The NSA and other Western spy agencies came under intense scrutiny following the massive Snowden leaks that revealed their tremendous powers when it comes to collecting increasing amounts of personal data. And while the U.S. government had to take steps to try to limit the NSA’s reach following these revelations, it turns out that the intelligence agency can bypass existing laws and still collect plenty of data – such as email – even though it’s not supposed to be legal

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The New York Times reports that the NSA has found a way to replace the bulk email data collection program that was supposed to end in December 2011. The program was shut down for “operational and resource reasons,” but the operation itself continued from outside the U.S. Until December 2011, the NSA was allowed to collect data that is subject to oversight by an intelligence court.

New evidence discovered by the Times following a Freedom of Information Act request shows the agency managed to establish a similar data collecting program on foreign soil. That means the NSA isn’t spying on your email from the U.S., but from other countries where the agency’s activities aren’t subject to U.S. laws, regulation and oversight.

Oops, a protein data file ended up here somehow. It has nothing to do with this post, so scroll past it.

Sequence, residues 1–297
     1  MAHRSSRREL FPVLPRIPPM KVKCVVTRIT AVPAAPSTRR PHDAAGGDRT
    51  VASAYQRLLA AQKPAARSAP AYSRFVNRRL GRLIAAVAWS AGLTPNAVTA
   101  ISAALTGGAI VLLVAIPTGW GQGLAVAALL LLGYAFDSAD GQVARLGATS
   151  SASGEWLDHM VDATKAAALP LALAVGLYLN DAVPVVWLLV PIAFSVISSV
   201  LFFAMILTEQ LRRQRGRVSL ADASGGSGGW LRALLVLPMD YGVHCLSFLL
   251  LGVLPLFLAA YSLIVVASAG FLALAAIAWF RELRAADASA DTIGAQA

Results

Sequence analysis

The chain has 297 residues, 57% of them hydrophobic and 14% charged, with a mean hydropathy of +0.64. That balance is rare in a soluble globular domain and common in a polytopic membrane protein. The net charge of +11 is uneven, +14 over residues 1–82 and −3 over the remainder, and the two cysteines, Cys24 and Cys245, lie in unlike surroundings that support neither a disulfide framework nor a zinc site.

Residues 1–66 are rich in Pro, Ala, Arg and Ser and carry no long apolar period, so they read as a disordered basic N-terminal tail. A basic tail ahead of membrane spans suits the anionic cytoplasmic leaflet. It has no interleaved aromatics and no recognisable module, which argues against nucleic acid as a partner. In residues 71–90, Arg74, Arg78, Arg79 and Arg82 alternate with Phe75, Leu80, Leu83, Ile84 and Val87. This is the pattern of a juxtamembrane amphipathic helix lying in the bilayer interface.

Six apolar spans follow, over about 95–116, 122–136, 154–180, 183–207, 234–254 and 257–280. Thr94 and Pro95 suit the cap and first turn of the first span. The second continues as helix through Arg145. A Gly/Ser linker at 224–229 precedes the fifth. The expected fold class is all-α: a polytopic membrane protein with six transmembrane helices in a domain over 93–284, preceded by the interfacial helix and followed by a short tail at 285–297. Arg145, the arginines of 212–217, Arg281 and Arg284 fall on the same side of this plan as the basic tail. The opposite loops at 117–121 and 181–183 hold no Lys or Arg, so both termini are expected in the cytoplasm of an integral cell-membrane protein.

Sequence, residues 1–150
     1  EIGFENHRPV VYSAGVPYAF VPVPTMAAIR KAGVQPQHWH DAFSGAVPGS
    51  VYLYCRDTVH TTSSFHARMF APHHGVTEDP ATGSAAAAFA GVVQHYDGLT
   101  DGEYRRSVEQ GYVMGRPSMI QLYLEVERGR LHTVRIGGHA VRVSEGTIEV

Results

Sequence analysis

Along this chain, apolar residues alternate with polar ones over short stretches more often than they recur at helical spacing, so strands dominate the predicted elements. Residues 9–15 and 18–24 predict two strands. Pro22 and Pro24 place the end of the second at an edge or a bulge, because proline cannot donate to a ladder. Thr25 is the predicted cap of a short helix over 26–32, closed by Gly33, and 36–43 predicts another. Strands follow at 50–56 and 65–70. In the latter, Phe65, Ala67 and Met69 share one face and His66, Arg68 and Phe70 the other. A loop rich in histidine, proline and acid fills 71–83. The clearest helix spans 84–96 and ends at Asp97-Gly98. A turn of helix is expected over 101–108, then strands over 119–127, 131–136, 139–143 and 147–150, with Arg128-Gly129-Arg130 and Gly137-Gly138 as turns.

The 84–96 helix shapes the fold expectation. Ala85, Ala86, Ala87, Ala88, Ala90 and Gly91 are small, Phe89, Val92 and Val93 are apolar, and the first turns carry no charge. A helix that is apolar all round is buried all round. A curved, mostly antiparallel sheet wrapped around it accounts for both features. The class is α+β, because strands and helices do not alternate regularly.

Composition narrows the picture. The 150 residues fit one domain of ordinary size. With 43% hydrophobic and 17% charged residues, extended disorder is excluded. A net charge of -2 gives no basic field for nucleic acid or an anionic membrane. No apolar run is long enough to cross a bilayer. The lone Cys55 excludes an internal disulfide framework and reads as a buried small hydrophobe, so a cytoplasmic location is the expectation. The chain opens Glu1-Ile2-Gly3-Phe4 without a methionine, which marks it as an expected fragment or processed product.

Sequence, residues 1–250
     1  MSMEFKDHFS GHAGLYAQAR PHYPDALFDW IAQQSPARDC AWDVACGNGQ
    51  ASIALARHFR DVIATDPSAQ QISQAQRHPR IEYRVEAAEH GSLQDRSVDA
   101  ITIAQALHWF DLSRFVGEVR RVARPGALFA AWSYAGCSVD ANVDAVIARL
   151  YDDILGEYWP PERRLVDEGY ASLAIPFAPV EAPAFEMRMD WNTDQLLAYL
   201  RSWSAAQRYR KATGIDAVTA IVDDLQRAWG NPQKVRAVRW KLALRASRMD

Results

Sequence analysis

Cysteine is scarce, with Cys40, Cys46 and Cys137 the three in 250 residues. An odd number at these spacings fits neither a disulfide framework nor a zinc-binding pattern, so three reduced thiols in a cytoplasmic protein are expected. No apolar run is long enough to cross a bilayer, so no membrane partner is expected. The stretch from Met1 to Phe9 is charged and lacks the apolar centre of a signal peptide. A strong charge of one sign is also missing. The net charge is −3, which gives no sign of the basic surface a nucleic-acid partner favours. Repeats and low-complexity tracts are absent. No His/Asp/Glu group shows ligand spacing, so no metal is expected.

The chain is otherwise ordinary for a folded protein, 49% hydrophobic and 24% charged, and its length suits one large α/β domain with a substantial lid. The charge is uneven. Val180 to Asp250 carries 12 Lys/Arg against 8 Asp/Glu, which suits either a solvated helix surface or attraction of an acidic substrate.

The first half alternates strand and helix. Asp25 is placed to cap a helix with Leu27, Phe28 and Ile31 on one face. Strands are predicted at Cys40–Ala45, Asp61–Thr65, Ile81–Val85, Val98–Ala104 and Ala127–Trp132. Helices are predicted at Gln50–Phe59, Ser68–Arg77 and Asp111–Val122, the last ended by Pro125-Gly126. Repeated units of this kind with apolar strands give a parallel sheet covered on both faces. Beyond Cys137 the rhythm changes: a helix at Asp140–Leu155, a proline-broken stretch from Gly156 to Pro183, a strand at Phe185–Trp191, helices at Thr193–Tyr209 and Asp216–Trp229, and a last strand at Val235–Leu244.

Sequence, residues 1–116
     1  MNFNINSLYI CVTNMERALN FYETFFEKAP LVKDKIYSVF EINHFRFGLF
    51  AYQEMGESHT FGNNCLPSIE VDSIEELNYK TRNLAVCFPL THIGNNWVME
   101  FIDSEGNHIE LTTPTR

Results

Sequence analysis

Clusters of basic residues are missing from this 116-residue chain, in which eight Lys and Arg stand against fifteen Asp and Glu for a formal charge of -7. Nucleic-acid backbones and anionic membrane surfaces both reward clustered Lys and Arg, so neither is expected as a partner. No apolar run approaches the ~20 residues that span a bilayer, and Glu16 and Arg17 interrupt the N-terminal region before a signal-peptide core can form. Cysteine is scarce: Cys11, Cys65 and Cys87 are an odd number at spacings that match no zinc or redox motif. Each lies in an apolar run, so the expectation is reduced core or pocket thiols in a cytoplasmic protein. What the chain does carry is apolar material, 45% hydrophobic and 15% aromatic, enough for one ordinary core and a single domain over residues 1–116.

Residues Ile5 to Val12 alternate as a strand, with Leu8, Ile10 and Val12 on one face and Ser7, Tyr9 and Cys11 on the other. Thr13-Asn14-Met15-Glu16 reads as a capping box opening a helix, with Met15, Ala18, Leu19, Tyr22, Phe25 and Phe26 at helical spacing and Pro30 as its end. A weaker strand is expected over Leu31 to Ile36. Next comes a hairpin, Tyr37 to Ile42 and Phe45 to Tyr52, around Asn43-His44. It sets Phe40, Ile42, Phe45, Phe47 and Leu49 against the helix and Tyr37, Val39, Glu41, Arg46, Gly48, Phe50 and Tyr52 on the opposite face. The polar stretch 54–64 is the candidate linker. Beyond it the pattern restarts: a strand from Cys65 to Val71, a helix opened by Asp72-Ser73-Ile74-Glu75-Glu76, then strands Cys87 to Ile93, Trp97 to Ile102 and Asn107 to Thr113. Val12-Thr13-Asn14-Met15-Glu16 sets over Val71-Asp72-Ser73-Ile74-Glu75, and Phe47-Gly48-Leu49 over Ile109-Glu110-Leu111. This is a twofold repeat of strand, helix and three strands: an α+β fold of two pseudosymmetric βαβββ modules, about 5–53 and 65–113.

According to the newly discovered report, NSA’s methods for replacing the email program were still legal. The agency collected email data from other countries, as Internet data can be accessed on optic cables abroad, and got email data without a warrant in the U.S. as long as it was needed for targeting noncitizens abroad.

The secret program allowed the NSA to look at “social links revealed by Americans’ email patterns, but without collecting the data in bulk from American telecommunications companies — and with less oversight by the Foreign Intelligence Surveillance Court,” as the Times explains.

The object of these operations is to keep people safe, many will rightly argue. And to be clear, these programs don’t affect most people, aside from the fact that information about them might be stored on NSA’s servers. But what’s troubling is that the NSA can collect data about Americans from outside of the USA without breaking any laws.

“The document makes it clear that N.S.A. is able to get all the Internet metadata it needs through foreign collection,” Timothy Edgar told the Times. “The change it made to its procedures in 2010 allowed it to exploit metadata involving Americans. Once that change was made, it was no longer worth the effort to collect Internet metadata inside the United States, in part because doing so requires N.S.A. to deal with” any restrictions. Edgar, a professor at Brown University, served as a privacy official in the Office of the Director of National Intelligence under both Bush and Obama.

The Times‘ full report is available at the source link.

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